Areas of Expertise
Museums, museums in society, material culture (things, objects, architecture, etc.), heritage and heritage policy, cultural property, intellectual property, repatriation, cultural change, ritual, ceremony, festival, performance, folklore, folklife, cultural anthropology, social anthropology, folklore studies, ethnology, museum anthropology, ethnography, publishing, scholarly publishing, open access, scholarly journals, China, United States, indigenous peoples, Native America, revitalization, graduate education, alt-metrics.
Jason Baird Jackson, the Ruth N. Halls Professor of Folklore and Anthropology at Indiana University Bloomington, is a folklorist and ethnologist whose work bridges the fields of folklore studies, cultural anthropology, ethnohistory and museum studies. He has collaborated with Native American communities in Oklahoma since 1993, when he began a lifelong personal and research relationship with the Yuchi people.
His studies concern, most centrally, the nature of customary arts, practices and beliefs, and the role these play in social life. In addition to the ethnography and ethnology of Eastern North America, he pursues projects exploring emerging issues (often quite contested) in the areas of intellectual property, cultural property and heritage policy.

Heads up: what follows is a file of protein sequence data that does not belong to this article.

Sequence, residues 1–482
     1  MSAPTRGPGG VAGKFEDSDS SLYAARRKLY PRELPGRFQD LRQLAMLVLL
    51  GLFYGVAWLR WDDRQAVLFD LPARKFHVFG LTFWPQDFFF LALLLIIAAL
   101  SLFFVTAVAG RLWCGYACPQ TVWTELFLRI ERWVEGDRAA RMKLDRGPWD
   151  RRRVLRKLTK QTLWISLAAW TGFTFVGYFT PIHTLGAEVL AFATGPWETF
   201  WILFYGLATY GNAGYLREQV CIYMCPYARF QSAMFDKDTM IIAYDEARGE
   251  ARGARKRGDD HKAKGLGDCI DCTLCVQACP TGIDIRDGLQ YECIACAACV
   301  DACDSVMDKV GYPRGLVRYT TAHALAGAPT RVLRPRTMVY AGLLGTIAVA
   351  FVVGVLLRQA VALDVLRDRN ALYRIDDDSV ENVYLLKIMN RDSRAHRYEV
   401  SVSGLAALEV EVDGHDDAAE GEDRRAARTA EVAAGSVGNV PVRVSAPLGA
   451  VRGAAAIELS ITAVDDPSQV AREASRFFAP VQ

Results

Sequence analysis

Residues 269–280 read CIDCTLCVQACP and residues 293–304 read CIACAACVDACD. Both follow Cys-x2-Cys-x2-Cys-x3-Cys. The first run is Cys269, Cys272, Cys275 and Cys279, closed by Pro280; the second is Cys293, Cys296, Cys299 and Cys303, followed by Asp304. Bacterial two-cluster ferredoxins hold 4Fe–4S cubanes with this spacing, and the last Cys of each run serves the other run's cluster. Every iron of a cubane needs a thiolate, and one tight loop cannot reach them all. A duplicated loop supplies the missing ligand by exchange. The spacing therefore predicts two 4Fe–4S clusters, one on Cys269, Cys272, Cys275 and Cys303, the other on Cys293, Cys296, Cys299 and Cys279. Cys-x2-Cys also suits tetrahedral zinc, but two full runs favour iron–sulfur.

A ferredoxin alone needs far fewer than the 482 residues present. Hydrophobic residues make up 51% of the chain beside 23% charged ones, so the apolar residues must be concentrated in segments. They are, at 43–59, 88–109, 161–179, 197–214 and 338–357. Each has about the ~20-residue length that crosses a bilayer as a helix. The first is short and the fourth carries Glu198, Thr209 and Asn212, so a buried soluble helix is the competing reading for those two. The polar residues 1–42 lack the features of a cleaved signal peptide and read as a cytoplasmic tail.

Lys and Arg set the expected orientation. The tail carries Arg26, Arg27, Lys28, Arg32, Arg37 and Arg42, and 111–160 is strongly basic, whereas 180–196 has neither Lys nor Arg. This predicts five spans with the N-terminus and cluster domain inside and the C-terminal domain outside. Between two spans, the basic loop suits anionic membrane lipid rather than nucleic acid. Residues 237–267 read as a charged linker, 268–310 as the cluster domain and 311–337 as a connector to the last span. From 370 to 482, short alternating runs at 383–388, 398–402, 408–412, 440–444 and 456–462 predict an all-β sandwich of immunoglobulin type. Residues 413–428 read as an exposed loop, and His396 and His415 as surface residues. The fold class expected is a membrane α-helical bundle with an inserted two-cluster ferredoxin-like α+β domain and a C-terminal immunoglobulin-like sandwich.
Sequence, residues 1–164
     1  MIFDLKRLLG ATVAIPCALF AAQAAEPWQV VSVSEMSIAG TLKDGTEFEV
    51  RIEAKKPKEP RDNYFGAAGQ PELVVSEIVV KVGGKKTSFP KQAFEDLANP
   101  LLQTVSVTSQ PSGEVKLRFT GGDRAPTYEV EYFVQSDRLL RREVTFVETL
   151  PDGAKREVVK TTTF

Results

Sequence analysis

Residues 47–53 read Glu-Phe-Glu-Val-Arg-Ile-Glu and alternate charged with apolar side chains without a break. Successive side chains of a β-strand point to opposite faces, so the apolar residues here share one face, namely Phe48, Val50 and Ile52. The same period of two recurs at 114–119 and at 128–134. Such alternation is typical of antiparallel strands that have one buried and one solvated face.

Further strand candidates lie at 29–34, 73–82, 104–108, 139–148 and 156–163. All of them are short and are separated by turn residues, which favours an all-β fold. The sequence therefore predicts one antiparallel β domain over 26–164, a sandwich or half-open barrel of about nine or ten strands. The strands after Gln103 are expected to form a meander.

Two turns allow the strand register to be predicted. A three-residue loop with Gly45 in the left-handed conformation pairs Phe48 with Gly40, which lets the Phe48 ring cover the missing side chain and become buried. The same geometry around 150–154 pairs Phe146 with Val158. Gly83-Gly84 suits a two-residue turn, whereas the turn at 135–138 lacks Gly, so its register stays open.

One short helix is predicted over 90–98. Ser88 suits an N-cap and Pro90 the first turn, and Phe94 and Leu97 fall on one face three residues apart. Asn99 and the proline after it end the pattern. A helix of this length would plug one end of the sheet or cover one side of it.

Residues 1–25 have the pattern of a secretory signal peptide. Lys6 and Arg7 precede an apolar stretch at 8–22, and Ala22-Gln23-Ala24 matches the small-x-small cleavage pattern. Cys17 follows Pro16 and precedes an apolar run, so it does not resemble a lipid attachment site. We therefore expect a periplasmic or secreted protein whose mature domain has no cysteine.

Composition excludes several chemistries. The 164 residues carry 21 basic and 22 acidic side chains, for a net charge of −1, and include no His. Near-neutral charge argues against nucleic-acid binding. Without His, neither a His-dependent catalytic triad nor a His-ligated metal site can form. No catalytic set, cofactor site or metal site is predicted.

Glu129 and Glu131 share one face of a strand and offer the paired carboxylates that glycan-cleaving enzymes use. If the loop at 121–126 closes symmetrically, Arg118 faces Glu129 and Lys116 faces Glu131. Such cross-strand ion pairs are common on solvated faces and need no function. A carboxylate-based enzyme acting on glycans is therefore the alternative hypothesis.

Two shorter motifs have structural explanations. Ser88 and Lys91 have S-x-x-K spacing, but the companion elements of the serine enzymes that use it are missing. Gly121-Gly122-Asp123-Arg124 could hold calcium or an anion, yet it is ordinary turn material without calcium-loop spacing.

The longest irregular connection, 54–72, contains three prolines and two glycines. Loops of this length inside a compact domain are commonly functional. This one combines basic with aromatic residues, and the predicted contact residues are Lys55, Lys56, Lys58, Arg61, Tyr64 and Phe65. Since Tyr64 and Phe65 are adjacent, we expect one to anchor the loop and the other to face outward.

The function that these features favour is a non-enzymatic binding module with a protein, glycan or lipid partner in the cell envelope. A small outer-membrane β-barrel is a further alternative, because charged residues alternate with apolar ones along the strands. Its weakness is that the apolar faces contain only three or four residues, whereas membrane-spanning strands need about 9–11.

Much of his career has been spent working as a curator and director in museum contexts, and he remains deeply engaged with research in, and teaching about, museums, especially museums of world cultures and ethnography. He served as the editor of the journal Museum Anthropology from 2005 to 2009, and he founded and now edits (2007-present) the journal Museum Anthropology Review. He is also the editor of the Material Vernaculars book series, the author numerous publications, and the curator and co-curator of many exhibitions.View full bio
Updated on: October 2, 2020